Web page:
20 August 2016
The Molonglo River has long appeared to be a dividing line between the northern and southern parts of Canberra, since it became the national capital last century. This was even before a dam was built on the river to the west of the city centre, creating what became Lake Burley Griffin. For argument’s sake, if you were to get in a boat on the river near Canberra Airport on the city’s eastern fringe, and then sail west, you’d come upon the lake beyond a large hillside near the river’s northern shoreline.
On the northern side of this watery divide, Canberra has its central shopping district, as well as the Australian National University. On the southern side are lots of governmental buildings, among which is where Federal Parliament has sat since it moved there in the 1920s – before then it’d sat in Melbourne when established in 1901.
But a few decades ago, a certain change has produced parliaments on either side of Lake Burley Griffin. The change came in the late 1980s, when the Australian Capital Territory became self-governing. Lying somewhere near Canberra’s city centre is the ACT Parliament, made up of seventeen members in a single parliamentary chamber. This is different from the dual-chamber parliaments existing both at the national level and in most Australian states.
With parliaments on either side of the lake, something mildly amusing can be made in relation to two Canberra-based politicians, namely Katy Gallagher from the Labor Party and Zed Seselja from the Liberal Party. Both were leaders in ACT politics over the years, most significantly when they faced each other at the last ACT election, in October 2012, and now they’re in Federal Parliament. One could argue that they both crossed the lake, if I could put it as such, to carry on their battle.
Although their switches differed in many ways, I could imagine a droll little scenario in relation to Gallagher and Seselja. Only with Canberra’s geographic setting could it be possible for two prominent Canberra combatants to leave their local parliamentary chamber, walk along a major road heading south, cross the lake, head up to a hill where another chamber lies, and continue their battle there. Of course, this fanciful scenario didn’t quite happen that way, but having parliaments on either side of the lake could’ve made it possible!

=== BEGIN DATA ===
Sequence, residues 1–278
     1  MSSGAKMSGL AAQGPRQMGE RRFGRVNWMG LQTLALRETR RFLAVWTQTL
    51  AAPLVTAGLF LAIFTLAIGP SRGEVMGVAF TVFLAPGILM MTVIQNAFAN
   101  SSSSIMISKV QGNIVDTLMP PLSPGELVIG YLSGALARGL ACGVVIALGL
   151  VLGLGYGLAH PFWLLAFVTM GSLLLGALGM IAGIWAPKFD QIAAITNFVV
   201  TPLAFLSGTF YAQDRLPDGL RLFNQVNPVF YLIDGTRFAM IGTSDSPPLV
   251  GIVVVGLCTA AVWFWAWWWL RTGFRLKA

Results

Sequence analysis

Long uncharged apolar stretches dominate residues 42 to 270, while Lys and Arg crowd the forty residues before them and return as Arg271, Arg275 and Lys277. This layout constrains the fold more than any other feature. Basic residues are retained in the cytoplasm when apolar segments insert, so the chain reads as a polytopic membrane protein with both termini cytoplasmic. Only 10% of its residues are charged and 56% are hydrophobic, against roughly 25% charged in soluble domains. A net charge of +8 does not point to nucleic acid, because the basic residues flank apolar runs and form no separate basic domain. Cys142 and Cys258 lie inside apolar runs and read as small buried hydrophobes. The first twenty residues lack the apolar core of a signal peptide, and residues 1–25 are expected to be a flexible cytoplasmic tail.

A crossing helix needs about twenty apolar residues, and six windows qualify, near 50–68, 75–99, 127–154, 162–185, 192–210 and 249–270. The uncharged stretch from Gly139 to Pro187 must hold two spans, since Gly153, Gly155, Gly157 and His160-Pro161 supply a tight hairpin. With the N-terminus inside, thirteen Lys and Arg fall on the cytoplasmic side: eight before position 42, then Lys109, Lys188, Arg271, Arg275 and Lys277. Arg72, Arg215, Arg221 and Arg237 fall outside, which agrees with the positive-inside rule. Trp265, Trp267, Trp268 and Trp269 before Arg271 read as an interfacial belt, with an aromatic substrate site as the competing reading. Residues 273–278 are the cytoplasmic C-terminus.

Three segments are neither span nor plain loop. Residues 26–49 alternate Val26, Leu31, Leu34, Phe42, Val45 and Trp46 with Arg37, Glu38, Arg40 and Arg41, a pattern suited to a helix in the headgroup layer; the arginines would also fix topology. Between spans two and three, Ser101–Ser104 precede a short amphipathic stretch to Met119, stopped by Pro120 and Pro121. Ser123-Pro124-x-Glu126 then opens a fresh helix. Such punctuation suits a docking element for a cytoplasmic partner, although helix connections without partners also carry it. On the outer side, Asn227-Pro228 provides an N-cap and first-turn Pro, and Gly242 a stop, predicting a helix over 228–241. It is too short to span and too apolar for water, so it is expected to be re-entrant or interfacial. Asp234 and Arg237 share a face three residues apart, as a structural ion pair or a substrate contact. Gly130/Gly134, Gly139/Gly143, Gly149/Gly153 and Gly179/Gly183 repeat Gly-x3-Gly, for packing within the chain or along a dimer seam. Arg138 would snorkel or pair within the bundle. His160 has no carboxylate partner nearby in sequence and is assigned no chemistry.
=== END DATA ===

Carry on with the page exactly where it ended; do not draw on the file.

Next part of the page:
That 2012 ACT election saw Gallagher narrowly defeat Seselja, albeit only with the support of a crossbencher. Back then, Gallagher had been Labor leader and Chief Minister of the ACT since 2011, following the departure of the long-serving Jon Stanhope, who’d taken Labor into office with crossbench support in the wake of an election in late 2001. Seselja led the Liberals to within striking distance of victory in 2012, ultimately falling short by a few seats. In fact the Labor and Liberal parties won eight seats apiece, out of a possible seventeen, with a Green holding the balance of power. Support from the Green enabled Labor to hold office.
After this narrow loss, Seselja set his sights on Federal Parliament. He challenged ACT Liberal Senator Gary Humphries for his seat in a preselection vote in 2013, and he won, duly entering the Senate later that year. Humphries had been there since 2003, replacing veteran Liberal Senator Margaret Reid.
Ironically, Humphries had entered the Senate after a stint as ACT Liberal leader and Chief Minister, losing office in the 2001 election to Labor under Stanhope. Labor has governed continuously in the ACT since that election.
In the meantime, Gallagher left the ACT Parliament a few years after the close election result in 2012, and entered the Senate after veteran Labor Senator Kate Lundy resigned.
Now both Gallagher and Seselja sit on opposite sides of a parliamentary chamber, like they sat before in another parliamentary chamber, albeit in positions not as senior as they were previously. I suppose that we’re always wishing for politicians to “go and jump in the lake”. Rarely would there be an example of politicians swapping parliaments on either side of a lake to go on with a battle.